The management and operating contractor for the Savannah River Site is currently performing an evaluation following an incident at the Site’s Chemical Management Center where hazardous gases were vented out without an adequate hazard assessment.
In a letter obtained by the Aiken Standard, Tim Worrell, the quality assurance manager for Savannah River Nuclear Solutions, explained the issue at the management center, or CMC. Worrell stated the incident took place in 761-6N, which is a facility within the CMC.
“At this point I think we can say that CMC vented hazardous gases in 761-6N without an adequate hazard assessment,” Worrell wrote. “This led to inadequate hazard controls being applied to the gas venting evolutions that have taken place at 731-6N for the last 5-6 years.”
The letter includes two other related issues, including a reference to 10 cylinders of propane and 193 cylinders of chem-o-lene gas – a non-toxic, non-poisonous, noninjurious fuel – that were burned off at another facility in the CMC.
Worrell added that the incident may call for treatment under the Resource and Conservation and Recovery Act, or RCRA.
After obtaining the letter, the Aiken Standard contacted SRNS about the issue. The contractor provided a written statement and explained they notified the proper channels immediately after recognizing the issue.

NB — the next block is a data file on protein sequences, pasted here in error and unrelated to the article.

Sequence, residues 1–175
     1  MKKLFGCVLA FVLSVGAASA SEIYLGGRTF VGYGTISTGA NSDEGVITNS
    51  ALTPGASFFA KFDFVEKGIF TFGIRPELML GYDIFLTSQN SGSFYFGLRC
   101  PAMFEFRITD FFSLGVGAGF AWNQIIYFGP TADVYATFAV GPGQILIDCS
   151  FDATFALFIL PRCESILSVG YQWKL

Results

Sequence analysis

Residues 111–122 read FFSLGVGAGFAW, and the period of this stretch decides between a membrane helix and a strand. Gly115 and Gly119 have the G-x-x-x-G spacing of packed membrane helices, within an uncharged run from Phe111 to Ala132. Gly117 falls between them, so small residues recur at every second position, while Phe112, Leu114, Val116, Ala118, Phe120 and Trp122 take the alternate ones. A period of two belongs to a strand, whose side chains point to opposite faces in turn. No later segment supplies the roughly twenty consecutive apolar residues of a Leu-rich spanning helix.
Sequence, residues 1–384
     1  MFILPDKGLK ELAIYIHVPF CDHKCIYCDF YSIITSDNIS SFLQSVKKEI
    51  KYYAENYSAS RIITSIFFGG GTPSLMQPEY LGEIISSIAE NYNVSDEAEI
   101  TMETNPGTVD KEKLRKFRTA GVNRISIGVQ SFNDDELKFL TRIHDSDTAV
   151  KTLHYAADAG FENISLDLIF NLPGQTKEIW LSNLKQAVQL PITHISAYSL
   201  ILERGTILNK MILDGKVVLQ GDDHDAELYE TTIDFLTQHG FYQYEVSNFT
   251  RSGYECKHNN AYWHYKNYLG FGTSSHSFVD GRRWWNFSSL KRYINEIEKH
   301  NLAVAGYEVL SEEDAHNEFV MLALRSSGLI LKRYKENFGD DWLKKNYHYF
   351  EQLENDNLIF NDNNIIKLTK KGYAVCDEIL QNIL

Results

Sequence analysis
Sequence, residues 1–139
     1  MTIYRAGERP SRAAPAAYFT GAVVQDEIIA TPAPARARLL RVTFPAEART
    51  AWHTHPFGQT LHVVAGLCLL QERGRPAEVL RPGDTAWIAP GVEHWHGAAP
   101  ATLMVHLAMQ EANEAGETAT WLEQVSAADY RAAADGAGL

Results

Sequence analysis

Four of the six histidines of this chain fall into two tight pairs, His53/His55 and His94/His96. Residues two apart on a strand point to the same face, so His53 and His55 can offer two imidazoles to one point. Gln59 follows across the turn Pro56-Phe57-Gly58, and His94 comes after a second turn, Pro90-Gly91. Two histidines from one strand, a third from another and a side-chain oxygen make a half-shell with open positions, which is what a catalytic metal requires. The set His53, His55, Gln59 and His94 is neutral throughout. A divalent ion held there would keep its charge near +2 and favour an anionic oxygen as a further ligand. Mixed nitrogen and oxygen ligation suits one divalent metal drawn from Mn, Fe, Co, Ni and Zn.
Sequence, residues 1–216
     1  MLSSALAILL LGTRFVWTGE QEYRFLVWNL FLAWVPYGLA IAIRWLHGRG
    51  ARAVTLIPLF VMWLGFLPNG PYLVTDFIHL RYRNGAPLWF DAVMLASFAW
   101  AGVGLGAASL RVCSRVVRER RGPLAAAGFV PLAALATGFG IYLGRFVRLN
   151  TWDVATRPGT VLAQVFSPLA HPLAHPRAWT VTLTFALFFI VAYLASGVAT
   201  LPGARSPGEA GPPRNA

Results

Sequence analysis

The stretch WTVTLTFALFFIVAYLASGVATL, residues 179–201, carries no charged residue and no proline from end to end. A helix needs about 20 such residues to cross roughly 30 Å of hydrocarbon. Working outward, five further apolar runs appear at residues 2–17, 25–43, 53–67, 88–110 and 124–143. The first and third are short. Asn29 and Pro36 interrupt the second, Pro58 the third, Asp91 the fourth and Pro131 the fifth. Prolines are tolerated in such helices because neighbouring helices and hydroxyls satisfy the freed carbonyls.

Currently, they are reevaluating the criteria for accepting gas cylinders to make sure they are in compliance with the RCRA. They added that they are unsure of what will come of the evaluation, but they anticipate no type of environmental harm.
“We anticipate no environmental harm or public health threat was caused by this incident. Chemical Management Center has stopped receiving the compressed gas cylinders and has ceased venting cylinders that are in the current inventory as a precautionary step,” SRNS wrote in a statement.
It added, “SRNS is committed to protecting the health and safety of our workers and the environment, and will complete the evaluation and ensure that we fully comply with all safety and regulatory requirements.”
The Site has suffered other recent safety lapses that have resulted in a call for safety changes by the Defense Nuclear Facilities Safety Board. The board has requested a corrective action plan leading to sustained performance improvements.
Furthermore, the Energy Department instructed SRNS to evaluate errors affecting facility safety and has given the contractor until June 9 to develop a plan.
Derrek Asberry is a beat reporter with the Aiken Standard. He joined the paper in June. He is originally from Vidalia, Ga., and a graduate of Georgia Southern University. Follow him on Twitter @DerrekAsberry.
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